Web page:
Gallopper caught up with, seasoned Architect Sanjay Punjabi who is a passionate advocate of cultural awareness and a fervent explorer of human and natural environments. His designs, though remarkably diverse; share deep respect for the context, incomparable freshness and grace, and the dramatic use of space and light. Here is one such interior project a home Sanjay retrofitted for a friend with amazing results!
“Design is the art of composing spaces in response to existing environmental and urban conditions to answer a client’s needs”, says Sanjay Punjabi. “In this way the creation becomes the resolution between its inner being and the outer conditions imposed upon it. It is never solitary but is part of its setting and thus must blend in a timeless way with its surroundings yet show its own fresh presence”.
“One day I met an old friend who expressed a wish to revamp the interior of his home”, explains Sanjay. “Dhiren had a bungalow; and he came up with an idea about carrying out new interior work for his bungalow”. “I have a script, you must be the director,” he said – and thus the story began.
However, unlike most people who are attracted by the latest trends and international styles, Dhiren had a dream to create an entirely traditional ambience in his bungalow.
“He mentioned that it should resemble to an old style ghar (house) in some mohalla (street) of Ahmedabad. To bring in a complete transformation of the space and create an aesthetic as well as functional solution, out-of-the-box thinking and bold decisions were mandatory”.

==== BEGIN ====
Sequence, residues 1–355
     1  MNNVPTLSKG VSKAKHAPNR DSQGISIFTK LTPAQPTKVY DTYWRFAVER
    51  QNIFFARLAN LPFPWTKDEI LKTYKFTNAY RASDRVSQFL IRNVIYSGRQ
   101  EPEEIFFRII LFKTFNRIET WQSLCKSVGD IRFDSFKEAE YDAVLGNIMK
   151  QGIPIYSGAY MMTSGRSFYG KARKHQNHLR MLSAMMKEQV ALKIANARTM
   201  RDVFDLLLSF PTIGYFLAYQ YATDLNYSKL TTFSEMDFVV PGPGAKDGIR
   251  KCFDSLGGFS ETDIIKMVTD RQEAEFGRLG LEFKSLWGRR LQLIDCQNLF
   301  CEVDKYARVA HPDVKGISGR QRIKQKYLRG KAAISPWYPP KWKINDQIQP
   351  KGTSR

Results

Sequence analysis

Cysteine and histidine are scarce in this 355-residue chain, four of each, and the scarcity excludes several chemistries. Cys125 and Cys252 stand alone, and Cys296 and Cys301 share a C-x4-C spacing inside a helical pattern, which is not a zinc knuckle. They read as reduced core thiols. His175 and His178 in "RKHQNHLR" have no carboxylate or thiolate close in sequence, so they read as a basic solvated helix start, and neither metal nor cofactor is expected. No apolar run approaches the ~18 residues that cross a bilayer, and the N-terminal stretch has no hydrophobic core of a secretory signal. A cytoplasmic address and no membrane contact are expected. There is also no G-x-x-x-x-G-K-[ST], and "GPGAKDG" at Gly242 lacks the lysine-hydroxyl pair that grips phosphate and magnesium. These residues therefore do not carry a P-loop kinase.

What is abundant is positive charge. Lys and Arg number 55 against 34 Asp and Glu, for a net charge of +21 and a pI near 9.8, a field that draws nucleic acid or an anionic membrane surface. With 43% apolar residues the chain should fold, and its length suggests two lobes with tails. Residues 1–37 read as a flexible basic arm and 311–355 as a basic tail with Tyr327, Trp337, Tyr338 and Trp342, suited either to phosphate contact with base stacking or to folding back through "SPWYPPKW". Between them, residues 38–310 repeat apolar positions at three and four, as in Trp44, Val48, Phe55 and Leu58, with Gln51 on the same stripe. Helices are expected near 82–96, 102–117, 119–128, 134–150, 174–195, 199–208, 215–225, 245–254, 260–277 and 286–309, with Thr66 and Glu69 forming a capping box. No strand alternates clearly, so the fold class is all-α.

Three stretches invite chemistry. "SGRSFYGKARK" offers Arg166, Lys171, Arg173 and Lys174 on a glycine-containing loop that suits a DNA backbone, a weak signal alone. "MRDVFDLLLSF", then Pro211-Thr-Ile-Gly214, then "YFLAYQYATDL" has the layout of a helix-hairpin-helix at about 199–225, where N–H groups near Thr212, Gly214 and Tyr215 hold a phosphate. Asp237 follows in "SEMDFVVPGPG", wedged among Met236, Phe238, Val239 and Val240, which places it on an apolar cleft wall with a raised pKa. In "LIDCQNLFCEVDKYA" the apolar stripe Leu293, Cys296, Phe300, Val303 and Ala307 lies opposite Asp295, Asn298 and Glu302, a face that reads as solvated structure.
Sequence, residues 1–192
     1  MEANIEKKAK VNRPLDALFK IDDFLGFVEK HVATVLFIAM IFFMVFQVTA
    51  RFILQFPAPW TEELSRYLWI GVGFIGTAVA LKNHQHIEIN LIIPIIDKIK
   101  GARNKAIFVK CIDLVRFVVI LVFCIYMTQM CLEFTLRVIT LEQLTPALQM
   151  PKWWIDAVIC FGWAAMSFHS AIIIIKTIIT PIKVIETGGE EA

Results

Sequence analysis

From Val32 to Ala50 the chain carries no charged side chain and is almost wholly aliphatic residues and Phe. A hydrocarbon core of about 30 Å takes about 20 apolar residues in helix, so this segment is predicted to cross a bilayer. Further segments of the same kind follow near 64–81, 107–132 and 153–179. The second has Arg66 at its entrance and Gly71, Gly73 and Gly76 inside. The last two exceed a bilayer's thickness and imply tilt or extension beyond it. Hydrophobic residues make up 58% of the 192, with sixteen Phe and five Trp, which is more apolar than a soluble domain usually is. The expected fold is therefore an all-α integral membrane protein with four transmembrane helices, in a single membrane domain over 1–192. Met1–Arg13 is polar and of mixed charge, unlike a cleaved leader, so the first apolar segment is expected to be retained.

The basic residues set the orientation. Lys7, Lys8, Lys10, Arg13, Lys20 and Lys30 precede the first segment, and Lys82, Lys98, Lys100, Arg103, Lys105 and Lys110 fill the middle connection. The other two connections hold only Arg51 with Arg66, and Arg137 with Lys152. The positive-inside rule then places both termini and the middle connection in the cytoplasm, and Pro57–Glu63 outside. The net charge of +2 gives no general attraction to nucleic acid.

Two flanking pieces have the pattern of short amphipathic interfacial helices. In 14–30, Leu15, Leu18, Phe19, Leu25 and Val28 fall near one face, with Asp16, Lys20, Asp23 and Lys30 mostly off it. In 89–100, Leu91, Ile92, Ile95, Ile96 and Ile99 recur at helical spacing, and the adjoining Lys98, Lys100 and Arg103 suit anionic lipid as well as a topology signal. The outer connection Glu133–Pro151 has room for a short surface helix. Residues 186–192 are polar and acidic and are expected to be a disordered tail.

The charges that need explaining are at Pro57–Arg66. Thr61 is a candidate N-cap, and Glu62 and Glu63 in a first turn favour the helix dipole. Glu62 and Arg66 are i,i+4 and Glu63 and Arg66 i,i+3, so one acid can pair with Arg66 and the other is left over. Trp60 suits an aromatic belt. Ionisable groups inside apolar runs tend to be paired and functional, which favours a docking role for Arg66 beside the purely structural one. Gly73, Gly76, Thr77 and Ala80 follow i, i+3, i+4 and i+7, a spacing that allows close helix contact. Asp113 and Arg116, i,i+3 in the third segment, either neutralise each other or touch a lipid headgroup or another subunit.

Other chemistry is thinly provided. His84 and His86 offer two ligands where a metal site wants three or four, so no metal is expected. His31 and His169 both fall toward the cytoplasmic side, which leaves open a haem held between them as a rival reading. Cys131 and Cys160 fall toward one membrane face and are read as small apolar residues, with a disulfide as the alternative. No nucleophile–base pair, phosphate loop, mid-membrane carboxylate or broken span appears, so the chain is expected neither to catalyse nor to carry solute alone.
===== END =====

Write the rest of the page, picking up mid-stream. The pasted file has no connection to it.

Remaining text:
“Aesthetics are the artistry. As an architect, the primary idea is to create functionally efficient spaces. The details add the visually appeal. In this project, it was important to pay extreme attention to aesthetics and detailing because the design certainly had to go beyond its functionality. The styling of each element was therefore a challenge; it had to look good on its own and complement the theme too!
“The existing compound wall was bulky; it had to be broken to create a wider area and mohalla like effect. A beautiful, huge old tree was retained and the wicket gate was replaced by a delo (old style door). A traditional Tulsi planter was installed in the compound wall. Terra cotta tile selection added to the charm, and so did an old-style hand-crafted grill. Light lemon yellow tone was used to create visual effects. Electrical distribution board was concealed with louvered cabinets. A swing on the platform with pots, pans and copper light fixtures blends well with the theme.
Kutchi wall treatment in the living room, with jharokha looks extremely attractive; as does the multipurpose console. Degda, textile puppets and chairs with peacock fabric were just right to set the mood. Teak wood polishing of the antique-style furniture completes the old-world charm! The partially double-heighted living room gives a scale just right for the furniture, lamps and accessories.
“At the culmination of the project, we all felt a deep sense of achievement and satisfaction”, recollects Sanjay. “The project finally took a right shape with the correct script. An artistic and exquisite design solution had emerged from the retrofit exercise!”